Chris Sheldon is a producer and mixing engineer who’s done amazing work with a number of artists including Foo Fighters, Biffy Clyro, Feeder, Twin Atlantic, Therapy?, Bloc Party, and Skunk Anansie to name a few.
He started in the music industry as a drummer in several punk bands before he decided to pursue work on the other side of the glass. Chris then got another start as an intern, or “tea boy” as he’s called it, at London’s Utopia Studios in the ’80s. There, he was able to work his way up the ladder and become an in-demand staff engineer.
Chris would eventually leave Utopia after some time to enjoy a freelance career which brought him immediate success and allowed him to transition more into production and mixing. His move into that arena in the ’90s yielded many critically acclaimed albums, and he has been working virtually non-stop ever since!
Among Chris Sheldon’s many fantastic mixing credits is The Colour and the Shape by Foo Fighters, which we got to talk about at length here! Please enjoy this wonderful chat below:
Chris would mix songs as they were being finished, with “Monkey Wrench” being one of the first tracks he did.
The songs which Bradley Cook recorded, “hot off the machine,” were literally sent down the street to Chris at Skip Sailor Studios for mixing!
The process was such that if, at some point, Chris and his team had a suggestion for a song—for instance, additional chorus guitars on “Monkey Wrench”—the tracks would be sent back to Bradley Cook for overdubs, and back once more to Skip Sailor Studios. It was practically an album assembly line!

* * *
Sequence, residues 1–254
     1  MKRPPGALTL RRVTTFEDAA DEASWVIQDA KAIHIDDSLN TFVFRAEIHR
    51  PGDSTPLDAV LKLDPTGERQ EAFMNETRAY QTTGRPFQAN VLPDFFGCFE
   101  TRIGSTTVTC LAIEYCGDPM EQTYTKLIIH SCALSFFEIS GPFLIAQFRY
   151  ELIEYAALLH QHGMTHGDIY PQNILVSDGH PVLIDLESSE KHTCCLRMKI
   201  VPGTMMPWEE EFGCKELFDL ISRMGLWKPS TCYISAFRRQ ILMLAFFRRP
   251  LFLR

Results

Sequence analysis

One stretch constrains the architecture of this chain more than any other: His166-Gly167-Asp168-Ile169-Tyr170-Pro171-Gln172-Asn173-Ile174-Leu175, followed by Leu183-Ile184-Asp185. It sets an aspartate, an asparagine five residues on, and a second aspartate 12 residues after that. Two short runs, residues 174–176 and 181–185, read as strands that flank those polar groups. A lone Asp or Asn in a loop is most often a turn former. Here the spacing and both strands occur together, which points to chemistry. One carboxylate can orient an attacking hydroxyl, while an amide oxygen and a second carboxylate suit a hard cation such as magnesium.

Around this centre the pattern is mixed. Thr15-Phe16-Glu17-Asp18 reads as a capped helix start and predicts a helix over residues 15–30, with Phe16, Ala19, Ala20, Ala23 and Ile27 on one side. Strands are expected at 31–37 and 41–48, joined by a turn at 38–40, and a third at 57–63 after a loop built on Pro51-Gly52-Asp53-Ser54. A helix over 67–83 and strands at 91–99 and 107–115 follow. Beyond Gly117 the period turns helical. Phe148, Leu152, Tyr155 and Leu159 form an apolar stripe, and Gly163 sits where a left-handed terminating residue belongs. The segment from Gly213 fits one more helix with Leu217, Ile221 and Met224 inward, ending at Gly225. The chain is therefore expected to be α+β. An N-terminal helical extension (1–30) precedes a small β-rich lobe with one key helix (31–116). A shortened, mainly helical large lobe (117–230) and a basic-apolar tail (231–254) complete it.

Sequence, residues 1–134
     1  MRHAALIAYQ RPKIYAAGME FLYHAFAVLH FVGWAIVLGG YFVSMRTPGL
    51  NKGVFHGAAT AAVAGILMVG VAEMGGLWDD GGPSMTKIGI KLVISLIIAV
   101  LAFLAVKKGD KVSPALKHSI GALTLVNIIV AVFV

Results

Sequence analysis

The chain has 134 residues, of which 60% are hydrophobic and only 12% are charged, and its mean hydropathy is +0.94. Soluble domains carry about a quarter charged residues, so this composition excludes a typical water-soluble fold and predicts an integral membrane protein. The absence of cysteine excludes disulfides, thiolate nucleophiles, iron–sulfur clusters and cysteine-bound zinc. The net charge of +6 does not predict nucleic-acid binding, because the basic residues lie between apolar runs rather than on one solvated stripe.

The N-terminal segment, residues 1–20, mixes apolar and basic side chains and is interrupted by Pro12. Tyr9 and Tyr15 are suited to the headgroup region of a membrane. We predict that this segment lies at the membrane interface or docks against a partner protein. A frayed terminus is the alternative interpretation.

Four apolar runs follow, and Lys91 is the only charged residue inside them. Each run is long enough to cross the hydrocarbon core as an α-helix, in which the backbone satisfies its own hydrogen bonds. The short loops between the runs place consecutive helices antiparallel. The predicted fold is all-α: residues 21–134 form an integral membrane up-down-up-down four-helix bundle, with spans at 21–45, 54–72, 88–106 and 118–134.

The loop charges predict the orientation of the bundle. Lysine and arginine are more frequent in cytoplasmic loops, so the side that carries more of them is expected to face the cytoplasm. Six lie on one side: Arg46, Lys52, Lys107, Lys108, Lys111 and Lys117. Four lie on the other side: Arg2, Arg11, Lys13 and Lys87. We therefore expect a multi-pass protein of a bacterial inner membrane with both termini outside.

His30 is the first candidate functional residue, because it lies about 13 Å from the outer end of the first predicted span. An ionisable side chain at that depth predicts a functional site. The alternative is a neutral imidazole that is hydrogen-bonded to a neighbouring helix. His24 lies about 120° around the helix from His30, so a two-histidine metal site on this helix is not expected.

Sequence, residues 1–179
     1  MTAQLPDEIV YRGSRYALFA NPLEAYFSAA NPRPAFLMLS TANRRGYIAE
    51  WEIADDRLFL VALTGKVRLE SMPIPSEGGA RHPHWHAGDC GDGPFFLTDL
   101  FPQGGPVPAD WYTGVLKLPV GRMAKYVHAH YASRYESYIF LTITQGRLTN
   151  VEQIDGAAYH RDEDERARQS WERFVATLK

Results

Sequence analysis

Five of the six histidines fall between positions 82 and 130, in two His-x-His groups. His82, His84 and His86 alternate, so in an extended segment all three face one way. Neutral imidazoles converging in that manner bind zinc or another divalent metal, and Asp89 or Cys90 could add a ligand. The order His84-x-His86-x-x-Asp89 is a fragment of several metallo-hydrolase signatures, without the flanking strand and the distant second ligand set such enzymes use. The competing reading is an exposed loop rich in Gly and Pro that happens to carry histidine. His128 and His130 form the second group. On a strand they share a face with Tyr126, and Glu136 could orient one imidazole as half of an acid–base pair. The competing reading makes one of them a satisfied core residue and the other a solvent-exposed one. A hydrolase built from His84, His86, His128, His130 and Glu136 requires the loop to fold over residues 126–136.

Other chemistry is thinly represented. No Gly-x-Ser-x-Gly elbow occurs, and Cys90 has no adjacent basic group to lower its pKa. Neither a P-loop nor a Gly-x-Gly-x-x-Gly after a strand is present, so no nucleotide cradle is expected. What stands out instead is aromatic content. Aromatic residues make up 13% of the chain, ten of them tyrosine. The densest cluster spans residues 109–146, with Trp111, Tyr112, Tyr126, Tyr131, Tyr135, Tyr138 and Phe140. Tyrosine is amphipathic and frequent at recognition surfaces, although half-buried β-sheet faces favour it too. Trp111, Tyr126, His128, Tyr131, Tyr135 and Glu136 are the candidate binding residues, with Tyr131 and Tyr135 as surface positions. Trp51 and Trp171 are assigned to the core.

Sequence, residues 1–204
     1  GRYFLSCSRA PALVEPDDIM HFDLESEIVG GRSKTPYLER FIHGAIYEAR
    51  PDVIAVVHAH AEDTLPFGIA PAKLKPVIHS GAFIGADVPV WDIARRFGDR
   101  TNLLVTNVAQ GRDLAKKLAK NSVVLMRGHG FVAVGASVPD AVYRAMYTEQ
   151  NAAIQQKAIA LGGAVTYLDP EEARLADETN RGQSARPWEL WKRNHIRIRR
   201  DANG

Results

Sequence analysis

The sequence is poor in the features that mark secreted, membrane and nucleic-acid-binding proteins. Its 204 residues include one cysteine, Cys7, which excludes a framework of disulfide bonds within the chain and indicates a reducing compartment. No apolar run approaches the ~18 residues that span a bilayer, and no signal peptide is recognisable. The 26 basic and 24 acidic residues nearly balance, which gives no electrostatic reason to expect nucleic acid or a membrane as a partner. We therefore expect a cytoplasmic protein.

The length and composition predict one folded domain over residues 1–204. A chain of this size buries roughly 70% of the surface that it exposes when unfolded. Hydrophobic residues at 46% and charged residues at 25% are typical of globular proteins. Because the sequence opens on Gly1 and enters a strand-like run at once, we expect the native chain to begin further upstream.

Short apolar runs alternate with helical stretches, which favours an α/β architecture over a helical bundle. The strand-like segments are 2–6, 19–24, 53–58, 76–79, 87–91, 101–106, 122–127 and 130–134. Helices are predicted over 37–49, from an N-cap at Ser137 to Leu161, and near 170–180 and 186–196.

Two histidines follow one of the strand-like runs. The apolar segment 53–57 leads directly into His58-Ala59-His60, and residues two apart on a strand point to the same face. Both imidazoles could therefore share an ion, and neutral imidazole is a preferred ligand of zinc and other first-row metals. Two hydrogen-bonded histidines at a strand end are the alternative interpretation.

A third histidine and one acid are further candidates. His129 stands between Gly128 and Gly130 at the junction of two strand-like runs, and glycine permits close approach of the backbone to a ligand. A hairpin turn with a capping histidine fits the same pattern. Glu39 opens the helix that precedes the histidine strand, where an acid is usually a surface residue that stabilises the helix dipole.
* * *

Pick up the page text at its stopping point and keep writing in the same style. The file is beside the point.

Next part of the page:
Chris would mix all day until about 8pm and drop off a finished or nearly finished mix on DAT tape to the band at Grandmaster, where they would continue to record throughout the night. The next morning, he would get a new track to mix—“Everlong,” “My Hero,” or one of the many recognizable songs from the album.
Chris did not use any drum samples while mixing the record!
Despite what some folks have claimed to have heard on The Colour and the Shape, there actually weren’t any drum samples on the album at all. Chris’s drum mixing technique was pretty clever, as he had to come up with ways to get the most muscle out of the kit without overly compressing it.
One trick involved multing different inputs and applying various sets of EQ, for example. In reality, Chris mentioned the drum tracks sounded great straight off the tape, so he really only need enhance them a bit for the final mixes.
The Colour and the Shape was tracked by Bradley Cook at Grandmaster Recorders in Los Angeles, CA.
The bulk of the recordings for The Colour and the Shape were handled by Bradley Cook and producer Gil Norton at Grandmaster.
The first sessions for the album took place at Bear Creek Studios in Woodinville, Washington, which wasn’t the easiest or most productive experience. Bradley Cook has recalled trying to edit drums with Gil Norton and struggling through the process. By the time the tracks got back to Los Angeles, it was evident that they should be re-recorded.
The band didn’t have a full-time drummer at the time, so it was Dave Grohl handling vocals, guitars, as well as most of the drums. Some drumming was done by William Goldsmith on five songs, though much of his contributions went uncredited. For the 10th Anniversary Edition, current drummer Taylor Hawkins played on three tracks.